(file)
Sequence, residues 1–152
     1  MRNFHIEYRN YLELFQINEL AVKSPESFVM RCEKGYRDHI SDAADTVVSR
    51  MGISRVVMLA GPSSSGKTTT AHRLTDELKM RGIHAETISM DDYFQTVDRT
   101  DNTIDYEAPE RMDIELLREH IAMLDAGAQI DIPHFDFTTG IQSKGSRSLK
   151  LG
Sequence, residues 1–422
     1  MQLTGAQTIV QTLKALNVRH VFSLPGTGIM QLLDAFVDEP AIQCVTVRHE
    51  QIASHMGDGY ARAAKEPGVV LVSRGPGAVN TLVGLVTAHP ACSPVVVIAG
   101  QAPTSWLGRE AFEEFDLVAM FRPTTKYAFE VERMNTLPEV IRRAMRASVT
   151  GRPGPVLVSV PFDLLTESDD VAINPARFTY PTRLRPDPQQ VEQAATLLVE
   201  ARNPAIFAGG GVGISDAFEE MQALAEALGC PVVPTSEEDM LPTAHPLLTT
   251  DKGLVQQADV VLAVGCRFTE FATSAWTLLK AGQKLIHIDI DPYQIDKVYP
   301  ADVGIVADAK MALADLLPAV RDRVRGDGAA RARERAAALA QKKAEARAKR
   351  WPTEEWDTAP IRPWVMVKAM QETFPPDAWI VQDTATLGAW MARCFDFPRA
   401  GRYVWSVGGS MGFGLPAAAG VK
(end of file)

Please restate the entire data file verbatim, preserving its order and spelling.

Sequence, residues 1–152
     1  MRNFHIEYRN YLELFQINEL AVKSPESFVM RCEKGYRDHI SDAADTVVSR
    51  MGISRVVMLA GPSSSGKTTT AHRLTDELKM RGIHAETISM DDYFQTVDRT
   101  DNTIDYEAPE RMDIELLREH IAMLDAGAQI DIPHFDFTTG IQSKGSRSLK
   151  LG
Sequence, residues 1–422
     1  MQLTGAQTIV QTLKALNVRH VFSLPGTGIM QLLDAFVDEP AIQCVTVRHE
    51  QIASHMGDGY ARAAKEPGVV LVSRGPGAVN TLVGLVTAHP ACSPVVVIAG
   101  QAPTSWLGRE AFEEFDLVAM FRPTTKYAFE VERMNTLPEV IRRAMRASVT
   151  GRPGPVLVSV PFDLLTESDD VAINPARFTY PTRLRPDPQQ VEQAATLLVE
   201  ARNPAIFAGG GVGISDAFEE MQALAEALGC PVVPTSEEDM LPTAHPLLTT
   251  DKGLVQQADV VLAVGCRFTE FATSAWTLLK AGQKLIHIDI DPYQIDKVYP
   301  ADVGIVADAK MALADLLPAV RDRVRGDGAA RARERAAALA QKKAEARAKR
   351  WPTEEWDTAP IRPWVMVKAM QETFPPDAWI VQDTATLGAW MARCFDFPRA
   401  GRYVWSVGGS MGFGLPAAAG VK